This is what I mean about questioning the steps in any methodology. Most methods are just variations of the basic Zone System approach where the speed point is unconnected with the three elements list above. While the 0.10 density may have come from the ISO speed standard (the ZS use of 0.10 probably was derived from DIN or the early British standard), it has been misinterpreted or simply impoperly applied.

    Using the ISO speed standard we know the speed point is 1.0 log-H units to the left of the metered exposure point. According to many popular methods, the speed point is four stops down or 1.20 log-H units below the metered exposure point. Obviously the two methods will produce film speeds typically differing by two-thirds of a stop. This is why Zone System testing consistently produces EIs 1/2 to 1 stop slower than the ISO speed. While the 1.20 log-H method will produce quality negatives and will create perfectly acceptable EIs, it shouldn't be regarded as a reliable way to determine film speed. Of course, if the additional exposure from the lower EI matches your style, why not save the time and just use the ISO speed and make the 2/3 stop adjustment. Afterall, what's the point of doing the test if it's not going to produce a reliable number.

    Most of the authors won't explain this difference (mostly because they aren't aware of it), so when shopping around for a non-ISO testing method, understanding the theory is important. Just because someone wrote it down doesn't mean it's true. This doesn't mean you shouldn't use a non-ISO method. I'm just suggesting to use it knowingly.

  9. #59
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    To tell the truth I am bit lost here.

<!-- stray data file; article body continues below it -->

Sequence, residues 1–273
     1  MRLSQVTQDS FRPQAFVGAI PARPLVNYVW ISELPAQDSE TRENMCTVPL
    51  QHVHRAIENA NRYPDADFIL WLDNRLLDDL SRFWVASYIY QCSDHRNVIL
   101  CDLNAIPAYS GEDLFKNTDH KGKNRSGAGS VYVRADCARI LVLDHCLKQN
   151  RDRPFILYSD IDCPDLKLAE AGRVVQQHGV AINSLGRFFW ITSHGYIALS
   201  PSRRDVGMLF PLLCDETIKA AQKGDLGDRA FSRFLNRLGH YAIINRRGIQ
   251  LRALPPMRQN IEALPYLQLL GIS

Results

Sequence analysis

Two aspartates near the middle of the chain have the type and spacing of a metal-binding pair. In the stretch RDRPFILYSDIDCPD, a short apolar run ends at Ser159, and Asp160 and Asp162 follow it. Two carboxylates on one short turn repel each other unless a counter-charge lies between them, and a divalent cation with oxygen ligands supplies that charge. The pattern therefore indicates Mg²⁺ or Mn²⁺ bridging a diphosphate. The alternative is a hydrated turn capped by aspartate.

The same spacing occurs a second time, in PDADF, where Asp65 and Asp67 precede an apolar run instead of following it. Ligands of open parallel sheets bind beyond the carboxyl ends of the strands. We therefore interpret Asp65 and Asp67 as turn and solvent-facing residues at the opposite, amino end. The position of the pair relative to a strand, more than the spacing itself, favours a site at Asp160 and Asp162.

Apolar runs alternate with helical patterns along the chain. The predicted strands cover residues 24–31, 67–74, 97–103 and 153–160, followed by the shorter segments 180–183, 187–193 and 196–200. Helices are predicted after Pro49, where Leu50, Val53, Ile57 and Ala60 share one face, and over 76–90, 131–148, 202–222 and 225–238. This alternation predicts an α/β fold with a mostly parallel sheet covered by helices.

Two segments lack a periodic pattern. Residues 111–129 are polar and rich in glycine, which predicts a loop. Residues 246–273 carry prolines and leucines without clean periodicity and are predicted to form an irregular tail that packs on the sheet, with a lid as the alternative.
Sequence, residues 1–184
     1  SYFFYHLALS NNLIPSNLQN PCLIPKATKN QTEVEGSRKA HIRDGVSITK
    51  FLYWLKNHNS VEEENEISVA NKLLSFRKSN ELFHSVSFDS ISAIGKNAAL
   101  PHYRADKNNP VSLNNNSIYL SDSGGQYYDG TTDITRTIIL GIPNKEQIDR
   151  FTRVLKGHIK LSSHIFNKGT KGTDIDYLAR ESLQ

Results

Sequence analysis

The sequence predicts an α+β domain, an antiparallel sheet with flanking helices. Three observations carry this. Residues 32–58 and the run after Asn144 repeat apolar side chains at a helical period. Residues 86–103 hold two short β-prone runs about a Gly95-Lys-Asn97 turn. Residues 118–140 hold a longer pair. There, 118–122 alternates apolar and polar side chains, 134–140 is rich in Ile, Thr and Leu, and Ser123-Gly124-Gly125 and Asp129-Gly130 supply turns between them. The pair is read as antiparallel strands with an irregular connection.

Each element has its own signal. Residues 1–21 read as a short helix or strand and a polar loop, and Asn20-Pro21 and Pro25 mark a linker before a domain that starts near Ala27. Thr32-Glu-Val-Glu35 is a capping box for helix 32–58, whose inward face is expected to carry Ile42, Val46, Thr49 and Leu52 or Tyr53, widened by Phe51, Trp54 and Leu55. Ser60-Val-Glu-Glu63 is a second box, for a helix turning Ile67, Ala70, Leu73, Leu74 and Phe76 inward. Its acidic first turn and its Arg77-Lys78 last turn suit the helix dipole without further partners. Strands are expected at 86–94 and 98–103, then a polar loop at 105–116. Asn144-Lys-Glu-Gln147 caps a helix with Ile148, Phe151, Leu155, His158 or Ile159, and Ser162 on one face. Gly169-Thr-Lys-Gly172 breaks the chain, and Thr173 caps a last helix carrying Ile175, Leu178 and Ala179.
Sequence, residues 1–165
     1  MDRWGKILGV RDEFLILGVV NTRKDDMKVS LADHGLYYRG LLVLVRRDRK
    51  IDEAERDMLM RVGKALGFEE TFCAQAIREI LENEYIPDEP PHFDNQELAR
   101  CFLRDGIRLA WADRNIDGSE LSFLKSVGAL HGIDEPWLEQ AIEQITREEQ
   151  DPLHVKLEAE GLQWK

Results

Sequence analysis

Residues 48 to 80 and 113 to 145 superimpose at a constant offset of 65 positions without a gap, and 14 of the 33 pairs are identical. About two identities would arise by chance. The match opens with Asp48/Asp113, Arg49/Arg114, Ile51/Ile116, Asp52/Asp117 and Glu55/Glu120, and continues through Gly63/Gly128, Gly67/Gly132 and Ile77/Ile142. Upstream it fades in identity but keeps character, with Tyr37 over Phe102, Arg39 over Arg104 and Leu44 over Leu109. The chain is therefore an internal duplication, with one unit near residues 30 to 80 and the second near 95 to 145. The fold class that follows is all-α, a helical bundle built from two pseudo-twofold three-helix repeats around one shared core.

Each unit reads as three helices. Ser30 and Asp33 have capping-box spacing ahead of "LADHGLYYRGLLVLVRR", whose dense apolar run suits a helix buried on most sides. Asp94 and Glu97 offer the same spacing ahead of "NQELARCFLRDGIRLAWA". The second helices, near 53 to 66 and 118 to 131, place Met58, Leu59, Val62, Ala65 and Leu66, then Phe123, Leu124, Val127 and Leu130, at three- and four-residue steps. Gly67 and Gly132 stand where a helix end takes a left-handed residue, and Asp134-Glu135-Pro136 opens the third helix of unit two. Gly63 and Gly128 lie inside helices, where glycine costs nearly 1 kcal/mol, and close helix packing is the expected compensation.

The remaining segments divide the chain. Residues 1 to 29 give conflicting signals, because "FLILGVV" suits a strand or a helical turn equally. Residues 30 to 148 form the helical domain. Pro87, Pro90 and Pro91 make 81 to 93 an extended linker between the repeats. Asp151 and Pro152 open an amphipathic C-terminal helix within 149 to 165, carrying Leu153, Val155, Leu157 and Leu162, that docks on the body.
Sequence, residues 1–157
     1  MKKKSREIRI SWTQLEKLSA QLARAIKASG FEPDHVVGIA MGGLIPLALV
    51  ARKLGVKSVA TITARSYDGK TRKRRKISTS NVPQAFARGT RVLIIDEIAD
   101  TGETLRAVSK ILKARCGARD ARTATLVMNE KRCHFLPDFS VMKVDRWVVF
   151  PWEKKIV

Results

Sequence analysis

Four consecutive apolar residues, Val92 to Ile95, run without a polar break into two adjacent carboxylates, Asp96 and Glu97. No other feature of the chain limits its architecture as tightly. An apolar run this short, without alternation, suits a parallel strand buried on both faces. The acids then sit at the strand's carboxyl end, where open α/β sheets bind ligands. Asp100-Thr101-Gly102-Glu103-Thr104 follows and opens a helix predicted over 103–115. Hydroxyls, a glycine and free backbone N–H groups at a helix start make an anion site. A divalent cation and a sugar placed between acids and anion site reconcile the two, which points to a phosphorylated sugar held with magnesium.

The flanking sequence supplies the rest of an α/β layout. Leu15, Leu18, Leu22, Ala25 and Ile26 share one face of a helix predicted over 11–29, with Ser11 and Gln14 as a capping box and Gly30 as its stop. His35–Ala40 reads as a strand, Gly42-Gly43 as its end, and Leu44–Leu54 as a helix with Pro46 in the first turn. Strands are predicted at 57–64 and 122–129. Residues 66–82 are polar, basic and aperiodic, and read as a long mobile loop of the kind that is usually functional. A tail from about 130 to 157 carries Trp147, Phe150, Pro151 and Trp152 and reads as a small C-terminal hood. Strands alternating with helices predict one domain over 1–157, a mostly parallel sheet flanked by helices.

Reading all this.
    All I can say is that I use the 0.1 speed point as my first reference. I plot my curves to see how the shape is. This is important for me. When I use my adopted method (a bit of this a bit of that) I can usually make my print at about Grade 2 (to simplify this using Grades), I increase the development times slightly because I like to use unsharp masks and the funny thing is I land at a contrast of about 0.62 which is what most published time use as a standard. However my actuall development times are always less than published and I always have to overexpose.
    I am always amazed and wondering when people say they use box speed. It doesn't make sense to me.

  10. #60
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    Quote Originally Posted by Stephen Benskin View Post
    This is why Zone System testing consistently produces EIs 1/2 to 1 stop slower than the ISO speed. While the 1.20 log-H method will produce quality negatives and will create perfectly acceptable EIs, it shouldn't be regarded as a reliable way to determine film speed. Of course, if the additional exposure from the lower EI matches your style, why not save the time and just use the ISO speed and make the 2/3 stop adjustment. Afterall, what's the point of doing the test if it's not going to produce a reliable number.
    So the bottom line of the endless Zonistas testing [This is not an attack on Stephen, I am just using his data to make a point] is a difference of less than a stop based on poor assumptions and uncalibrated equipment, sloppy testing and developing that the Zonistas are basing their work on. << Duh>> with the present dynamic range of both black & white and color C41 film of 12 to 14 f/stops depending on the choice of film, developer, developer dilution, and whom you choose to believe, less than one stop change will not produce any signifacant advantage or disadvantage. That being the case, why was time, money, film and chemicals to do all this testing when one will end up with essentally the same results using the box speed? Testing was useful when cameras and light meters were not that accurate, the results from the variation developers' result was wider ranging for all the dilution recommendation at that time1 and the film quality and dynamic sensitivity range was narrower.






    1Since then Kodak and others recommend a narrower range of dilution, staying closer to 1:1 and 2:1 than the 4:1 then.